Bumble BFF: Expat Adventures in Friend Dating

One of the biggest struggles of expat life, other than language barriers and cultural mishaps, is finding and maintaining friendships. Not every expat enters a country at the same, but most importantly, not every expat leaves at the same time. At any moment one of your closest friends can up and leave and you’re left with some major free time on your hands. Sure, the usual rules about making new friends can also apply as an expat: socialise with your colleagues, join a class, stalk out mutual friends. But with the need to seek out new friendships multiple times a year (particularly in the dreaded summer months), these leads can dry out pretty quickly. Enter Bumble BFF, a new app that is here to change the way we platonically meet other people.

The idea of choosing friends solely online might seem weird to some people, but most of the friends I made in my formative teenagers years came from the Internet, and I met my boyfriend of two years on Tinder. So an app where you essentially judge people on pictures and a short bio didn’t put me off too much. When I heard about Bumble, I knew I needed to try it. If I can handle Tinder in Spain, I can handle anything.

I’ve been using Bumble BFF for about two months now and I feel I’ve got a good idea of what it’s all about. Most importantly, how weird it is to market yourself for friends. I know you can say that your profile is just a natural reflection of you, but that is still marketing yourself. If all of someone’s pictures were taken in clubs, I know we probably wouldn’t get along. So no swipes for them. Not in a judging way, just that I know I’d probably never hang out with them if their weekends are spent in six storey nightclubs and mine are spent in bougie dive bars. So it’s a good way to weed out the people you probably couldn’t form a friendship with.

Over my time on Bumble, I had some good conversations. Some progressed onto WhatsApp and some progressed even further onto actual Platonic Friend Dates. I’ve been on three now and finally think I’ve figured out the best way to navigate the app, because each Friend Date has gone better than the last. I’ve bumped up the age category and said bye to the young’uns (whilst simultaneously accepting that oh god I might be in my mid twenties?) and I know when to tell if the conversation is just normal dull-but-polite pleasantries or a dead end.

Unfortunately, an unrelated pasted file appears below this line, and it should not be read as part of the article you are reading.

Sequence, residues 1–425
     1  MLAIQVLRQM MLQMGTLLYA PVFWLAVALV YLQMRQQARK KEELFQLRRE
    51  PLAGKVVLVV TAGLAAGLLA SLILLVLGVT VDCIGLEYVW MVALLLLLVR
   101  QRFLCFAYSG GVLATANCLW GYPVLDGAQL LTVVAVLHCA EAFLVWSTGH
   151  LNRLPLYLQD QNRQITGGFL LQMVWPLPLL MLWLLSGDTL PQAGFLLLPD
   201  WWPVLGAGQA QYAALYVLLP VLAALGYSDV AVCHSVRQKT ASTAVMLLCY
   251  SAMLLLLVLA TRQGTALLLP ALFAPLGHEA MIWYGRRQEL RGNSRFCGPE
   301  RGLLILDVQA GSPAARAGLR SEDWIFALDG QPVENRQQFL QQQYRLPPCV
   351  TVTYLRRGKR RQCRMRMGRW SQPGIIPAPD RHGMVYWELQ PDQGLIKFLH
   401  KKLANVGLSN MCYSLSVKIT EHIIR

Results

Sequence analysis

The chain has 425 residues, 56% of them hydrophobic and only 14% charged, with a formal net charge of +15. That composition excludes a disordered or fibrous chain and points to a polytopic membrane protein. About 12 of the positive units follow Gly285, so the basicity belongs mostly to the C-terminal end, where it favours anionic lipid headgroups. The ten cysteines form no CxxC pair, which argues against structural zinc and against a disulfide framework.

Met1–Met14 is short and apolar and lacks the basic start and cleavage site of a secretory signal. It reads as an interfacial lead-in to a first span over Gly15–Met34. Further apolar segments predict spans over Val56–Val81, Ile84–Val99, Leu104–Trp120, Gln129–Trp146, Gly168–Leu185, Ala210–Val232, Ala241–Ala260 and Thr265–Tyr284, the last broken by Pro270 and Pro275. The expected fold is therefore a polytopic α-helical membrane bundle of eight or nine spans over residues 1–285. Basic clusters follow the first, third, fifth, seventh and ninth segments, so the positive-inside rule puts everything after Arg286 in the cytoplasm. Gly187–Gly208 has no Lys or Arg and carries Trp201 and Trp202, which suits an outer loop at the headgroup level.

Overall, I’m a big fan of Bumble BFF and cutting out the middle man when it comes to making new friends. Using the app pretty much screams ‘HELLO I’M HERE TO HANG OUT WITH NEW PEOPLE’ and I love how unashamed that is. Especially for expats, ’cause we need all the help we can get. Even if, like Tinder dates, some of your Friend Dates don’t go anywhere, you still get a nice time out of it. So far I’ve had ice lollies, after work drinks, and mojito bar hopping; when otherwise I’d be at home watching Degrassi on Netflix. Both are fun, but one is slightly more beneficial to my inner happiness. And it’s not the Canadian high schoolers.

But let’s be real, as someone in a long term relationship, I really just miss swiping people’s faces.

Pros of Bumble BFF:

  • Everyone is there for the same reason
  • Super convenient and not time consuming
  • You can scope people out before you meet (you’re given enough information to sufficiently Facebook stalk)
  • Swiping is fuuuuuuun

Cons of Bumble BFF:

  • You’re putting yourself out there to be judged
  • Not a lot of people are using the app yet (at least in Madrid)
  • There’s still a chance you can be murdered

Verdict: It’s great for expats and people moving cities, but also an easy and fun way for anyone to meet new people. I’m really looking forward to how this concept develops in the future. The Internet has already changed so much about our lives, it’s only time before it starts to influence our friendships too. Yaaaaay Platonic Dating!